The bidding: South, with a balanced 18 points, opens a Mexican two diamonds. This is the last of the three columns dealing with this bid. One may look up Mexican in my bridge index on my website to see more on the bid.
North with six spades, bids two hearts transferring South to two spades. North makes a three diamond call which is forcing to game. It is either a second suit asking South to pick between four spades and three notrump or it is a cuebid. South will find out later. South picks spades by bidding three spades which is forcing to game. North makes a heart cuebid and now South knows that three diamonds must have also been a cuebid. South cuebids his king of clubs because he suspects partner is wanting to hear something about clubs. That is the bid North was wanting to hear and places the contract in six spades.
The contract will not make if North is the declarer because East has a natural lead of the queen of clubs.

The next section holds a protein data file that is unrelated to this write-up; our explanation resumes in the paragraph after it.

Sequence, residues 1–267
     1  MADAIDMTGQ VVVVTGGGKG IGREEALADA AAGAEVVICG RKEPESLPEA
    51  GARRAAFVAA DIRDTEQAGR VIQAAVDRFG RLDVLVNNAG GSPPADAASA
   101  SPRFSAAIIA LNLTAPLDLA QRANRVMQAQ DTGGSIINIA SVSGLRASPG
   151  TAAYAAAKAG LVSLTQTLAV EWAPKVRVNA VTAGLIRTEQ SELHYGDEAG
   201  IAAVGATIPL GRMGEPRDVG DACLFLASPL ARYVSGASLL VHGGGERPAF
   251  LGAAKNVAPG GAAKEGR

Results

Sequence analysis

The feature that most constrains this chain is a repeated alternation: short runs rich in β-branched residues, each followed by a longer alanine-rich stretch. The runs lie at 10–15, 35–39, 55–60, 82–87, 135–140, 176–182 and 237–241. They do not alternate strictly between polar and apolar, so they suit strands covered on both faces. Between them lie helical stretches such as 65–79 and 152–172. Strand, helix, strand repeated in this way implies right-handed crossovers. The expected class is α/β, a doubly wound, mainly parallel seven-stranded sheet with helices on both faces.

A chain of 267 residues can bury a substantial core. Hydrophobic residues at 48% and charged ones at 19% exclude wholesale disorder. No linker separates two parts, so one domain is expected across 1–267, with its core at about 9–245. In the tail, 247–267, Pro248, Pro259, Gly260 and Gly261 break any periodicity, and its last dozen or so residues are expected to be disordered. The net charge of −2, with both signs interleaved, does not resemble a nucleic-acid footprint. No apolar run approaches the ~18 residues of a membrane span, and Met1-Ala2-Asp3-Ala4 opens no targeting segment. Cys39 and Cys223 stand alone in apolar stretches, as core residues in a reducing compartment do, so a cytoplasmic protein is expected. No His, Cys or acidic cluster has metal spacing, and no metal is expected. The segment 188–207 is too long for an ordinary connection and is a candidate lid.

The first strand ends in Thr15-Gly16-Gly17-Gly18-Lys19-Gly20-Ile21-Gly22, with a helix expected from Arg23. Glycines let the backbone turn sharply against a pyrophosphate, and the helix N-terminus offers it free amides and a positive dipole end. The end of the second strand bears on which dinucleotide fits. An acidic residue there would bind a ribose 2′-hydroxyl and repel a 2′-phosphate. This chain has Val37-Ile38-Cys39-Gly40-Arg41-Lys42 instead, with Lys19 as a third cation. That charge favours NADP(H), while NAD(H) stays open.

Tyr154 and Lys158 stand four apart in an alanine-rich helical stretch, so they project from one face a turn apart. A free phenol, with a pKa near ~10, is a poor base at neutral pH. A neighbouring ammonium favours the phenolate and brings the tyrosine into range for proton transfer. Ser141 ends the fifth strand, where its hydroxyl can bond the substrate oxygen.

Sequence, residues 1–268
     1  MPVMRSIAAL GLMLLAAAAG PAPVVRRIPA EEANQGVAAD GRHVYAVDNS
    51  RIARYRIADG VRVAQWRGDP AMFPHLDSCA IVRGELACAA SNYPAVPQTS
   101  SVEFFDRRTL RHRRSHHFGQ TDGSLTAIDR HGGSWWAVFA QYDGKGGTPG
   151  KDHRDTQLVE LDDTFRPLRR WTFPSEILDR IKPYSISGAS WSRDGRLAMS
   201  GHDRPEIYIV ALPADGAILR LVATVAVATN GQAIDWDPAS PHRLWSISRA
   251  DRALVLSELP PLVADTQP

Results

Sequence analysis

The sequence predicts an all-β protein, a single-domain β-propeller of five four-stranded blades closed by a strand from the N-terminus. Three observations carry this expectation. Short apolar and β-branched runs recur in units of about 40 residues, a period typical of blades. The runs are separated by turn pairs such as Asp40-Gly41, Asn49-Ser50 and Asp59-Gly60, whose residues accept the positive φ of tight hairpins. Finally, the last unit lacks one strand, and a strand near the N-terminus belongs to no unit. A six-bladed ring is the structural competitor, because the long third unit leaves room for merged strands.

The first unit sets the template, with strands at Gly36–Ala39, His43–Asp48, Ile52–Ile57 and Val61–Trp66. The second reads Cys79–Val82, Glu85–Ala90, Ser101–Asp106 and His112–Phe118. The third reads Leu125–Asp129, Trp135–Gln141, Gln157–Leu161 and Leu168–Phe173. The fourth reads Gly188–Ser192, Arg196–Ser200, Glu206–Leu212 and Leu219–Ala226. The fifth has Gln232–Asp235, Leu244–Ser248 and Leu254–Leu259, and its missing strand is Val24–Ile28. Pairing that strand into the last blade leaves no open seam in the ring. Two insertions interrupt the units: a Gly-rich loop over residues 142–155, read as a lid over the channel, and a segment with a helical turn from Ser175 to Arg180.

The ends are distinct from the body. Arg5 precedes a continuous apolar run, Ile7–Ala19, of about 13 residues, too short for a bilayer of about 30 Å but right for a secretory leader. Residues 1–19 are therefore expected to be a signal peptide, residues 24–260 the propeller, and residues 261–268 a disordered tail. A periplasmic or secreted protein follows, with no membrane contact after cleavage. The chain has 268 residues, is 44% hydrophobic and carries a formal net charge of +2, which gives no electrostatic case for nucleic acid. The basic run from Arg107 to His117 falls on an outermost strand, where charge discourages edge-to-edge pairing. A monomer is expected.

North knows they are in the slam ball park. 30 points and a six card suit are usually sufficient for six. He cannot ask for keycards because one cannot use Blackwood with either a void or a worthless doubleton.
What if North finds out they are missing a keycard which they are. North could have two quick club losers until a cuebidding sequence tells him otherwise.
The Lead: spade
North and South went slowly to slam and West seems to be sitting overtop of South’s King which he cuebid so West makes a passive trump lead.
The play: South draws trump, ruffs a heart in his hand and pitches two clubs on his diamonds.
Result: 6S+1 for +1460 (Spade lead)
6S= for +1430 (Ace of club lead)
Do You Have The Basics?
Q5: Partner leads the ace of clubs and you have KQJ95, what card (all standard signals for now) do you play? See column 175 at watsongallery.ca for the answer.